Monday, December 28, 2009

Jens Christensen and His Family

As my dad went through his aunt's genealogical papers, he found a copy of a history written by a woman named Lena Marie Hansen Pack. The history is called Kirsten's Courage and Tears: The Story of Kirsten and Anders Christian Christensen Jensen and Nicolena Christensen and Charles F. Nelson.

Jens Christensen and Karen Marie Johannesen Christensen were from Denmark. As mentioned previously, their daughter Mary married Ove Oveson and Mary and Ove were my grandfather's great-grandparents. Jens and Karen's adopted son Marinus married Fanny Thomas. They were my grandmother's grandparents.

Anders was Jens Christensen's younger brother. Anders and Jens and their wives and children left Denmark and came to America in 1866 in the ship Kenilworth and traveled in the Scott company to Utah.

Lena Pack notes that Anders and Jens' father, Christen Jensen, had died in Denmark in 1862, and that their widowed mother, Christiane Christensen, came to America with her sons and accompanied Anders and his family to Brigham City, Utah, where she died over 30 years later.

This ship record shows a Christian Christensen who traveled with Jens, but the Kenilworth ship register notes that this person was a 59-year-old male farmer.

Unfortunately, when I copied this record off, I did not know that the people listed in the bottom of the image were family members of Jens, so I do not have a copy of the entire family group, and I don't currently have an Ancestry membership to be able to look up this record. I'll try and look it up next time I have access.

Jens Christensen and one of his two daughters died on the plains.

His widow and two surviving children, Mary and Marinus, settled in Ephraim, Sanpete, Utah, where Mary married Ove Oveson. Mary's mother Karen lived with them until she died in 1874. Marinus was raised in the Overson family along with their twelve children, and accompanied them to settle in Arizona.

Meanwhile, Jens' brother Anders and his wife Kirsten took their children and Anders' widowed mother to Brigham City. New Family Search claims that Christiane Christensen died in Brigham City in 1865 or 1896, and Anders died in a farm accident in 1867, and all contact between the family in Brigham City and the family in Ephraim and later Arizona was lost until Lena Pack wrote Kirsten's Courage and Tears and tracked down Jens' family.

Kirsten's Courage and Tears has a number of touching stories. A copy is available at the Family History Library in Salt Lake City. Here is the catalog entry:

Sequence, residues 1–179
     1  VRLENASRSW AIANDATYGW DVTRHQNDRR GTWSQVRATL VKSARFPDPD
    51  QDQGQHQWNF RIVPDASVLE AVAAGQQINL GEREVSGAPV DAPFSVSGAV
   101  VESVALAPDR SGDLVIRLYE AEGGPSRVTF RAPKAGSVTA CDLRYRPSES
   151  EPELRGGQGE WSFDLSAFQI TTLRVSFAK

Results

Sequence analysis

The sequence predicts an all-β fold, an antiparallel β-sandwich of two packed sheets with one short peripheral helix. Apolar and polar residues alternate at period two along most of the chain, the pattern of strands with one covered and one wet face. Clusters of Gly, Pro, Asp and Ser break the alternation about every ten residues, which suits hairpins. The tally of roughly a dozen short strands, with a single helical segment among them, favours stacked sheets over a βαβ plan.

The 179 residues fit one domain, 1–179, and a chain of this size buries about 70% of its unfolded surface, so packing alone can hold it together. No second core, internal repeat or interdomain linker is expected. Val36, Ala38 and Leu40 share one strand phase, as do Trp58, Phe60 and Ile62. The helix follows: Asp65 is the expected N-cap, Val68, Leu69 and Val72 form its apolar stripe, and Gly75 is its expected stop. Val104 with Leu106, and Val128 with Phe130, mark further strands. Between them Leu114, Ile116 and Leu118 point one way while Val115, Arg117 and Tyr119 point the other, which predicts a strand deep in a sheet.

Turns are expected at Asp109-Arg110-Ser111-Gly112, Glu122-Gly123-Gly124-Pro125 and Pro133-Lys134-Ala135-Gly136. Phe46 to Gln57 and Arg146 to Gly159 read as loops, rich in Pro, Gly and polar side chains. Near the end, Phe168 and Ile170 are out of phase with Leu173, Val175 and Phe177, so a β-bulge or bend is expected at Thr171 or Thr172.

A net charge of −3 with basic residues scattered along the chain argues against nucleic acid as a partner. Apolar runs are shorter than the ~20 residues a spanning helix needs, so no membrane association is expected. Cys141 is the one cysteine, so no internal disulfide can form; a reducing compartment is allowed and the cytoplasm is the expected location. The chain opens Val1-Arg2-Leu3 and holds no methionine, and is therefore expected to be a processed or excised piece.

Anders Christian Christensen Jensen (1836-1867) married Kirstine Marie Pedersen in 1857. They became Mormon converts in 1864, and in 1866 immigrated from Denmark to Brigham City, Utah. Due to the change of Danish law regarding patronymics, he used both surnames (first Christensen and later Jensen). One of their daughters, Nicolena, married Charles Frederick Nelson (1853-1913) in 1875 and lived in Brigham City. Descendants of both families lived in Utah and elsewhere. Includes ancestors in various parishes in Århus, Hjørring and Viborg counties in Denmark. Includes Burt, Hansen, Roskelley and related families.
As a curiosity, the book tells an interesting story about Danish patronymics. Patronymics is a system for giving names. A Danish son would take his father's first name as his surname and add -sen to the end. A daughter would take her father's first name as her surname but add -datter to the end. Danish women did not take their husband's names when they married. This system started to change in the nineteenth century. Anders Christensen died when he was 30 years old. His wife lived for 50 years after that, and as was the custom in Denmark, she kept her father's name, Jensen (alternately Jensdatter). The family hereafter assumed that Jensen was the family name of her husband, which complicated their genealogical research.

1 comment:

  1. Tell me what you need from I can look it up and send it to you any time I am at the Mesa Regional Family History Center.